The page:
Smith v. Commissioner of Social Security

Filing 15

OPINION AND ORDER: Ms. S's request for reversal or remand is GRANTED 9 . This Court REVERSES the Commissioner's decision pursuant to sentence four of 42 U.S.C. § 405(g) and REMANDS for further proceedings consistent with this opinion. Signed by Magistrate Judge Michael G Gotsch, Sr on 3/25/2024. (rmf)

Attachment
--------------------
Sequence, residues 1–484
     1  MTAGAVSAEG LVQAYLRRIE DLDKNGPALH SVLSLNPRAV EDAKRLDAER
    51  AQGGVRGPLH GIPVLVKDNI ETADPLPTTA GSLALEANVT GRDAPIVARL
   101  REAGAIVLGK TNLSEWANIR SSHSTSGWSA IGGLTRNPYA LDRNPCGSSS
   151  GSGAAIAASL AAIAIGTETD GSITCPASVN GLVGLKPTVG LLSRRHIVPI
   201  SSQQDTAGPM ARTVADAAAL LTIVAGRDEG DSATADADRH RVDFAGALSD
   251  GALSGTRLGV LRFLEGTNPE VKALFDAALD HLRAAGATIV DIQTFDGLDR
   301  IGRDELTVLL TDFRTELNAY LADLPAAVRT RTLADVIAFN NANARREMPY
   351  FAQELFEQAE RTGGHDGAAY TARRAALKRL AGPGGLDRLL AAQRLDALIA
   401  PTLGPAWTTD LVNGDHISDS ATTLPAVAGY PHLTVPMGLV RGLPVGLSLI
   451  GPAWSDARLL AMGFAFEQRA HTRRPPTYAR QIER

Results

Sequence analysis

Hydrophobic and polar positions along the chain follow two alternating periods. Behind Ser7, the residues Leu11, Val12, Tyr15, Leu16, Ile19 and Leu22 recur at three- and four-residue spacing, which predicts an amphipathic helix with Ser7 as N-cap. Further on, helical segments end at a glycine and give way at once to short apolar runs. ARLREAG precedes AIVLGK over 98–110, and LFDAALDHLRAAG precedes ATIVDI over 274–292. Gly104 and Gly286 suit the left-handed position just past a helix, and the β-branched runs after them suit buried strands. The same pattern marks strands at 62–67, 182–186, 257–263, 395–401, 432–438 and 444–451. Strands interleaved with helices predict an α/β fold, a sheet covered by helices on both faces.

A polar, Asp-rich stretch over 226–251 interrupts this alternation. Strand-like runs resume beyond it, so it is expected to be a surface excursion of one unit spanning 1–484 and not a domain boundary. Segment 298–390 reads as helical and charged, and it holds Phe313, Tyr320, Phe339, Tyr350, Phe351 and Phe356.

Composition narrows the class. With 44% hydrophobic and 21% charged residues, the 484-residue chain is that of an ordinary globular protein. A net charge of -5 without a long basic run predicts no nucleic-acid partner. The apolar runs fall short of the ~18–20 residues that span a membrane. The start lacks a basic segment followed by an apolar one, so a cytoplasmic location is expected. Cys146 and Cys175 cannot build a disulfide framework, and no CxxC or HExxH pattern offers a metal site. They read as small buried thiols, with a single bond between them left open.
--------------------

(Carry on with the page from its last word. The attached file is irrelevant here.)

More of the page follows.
Download PDF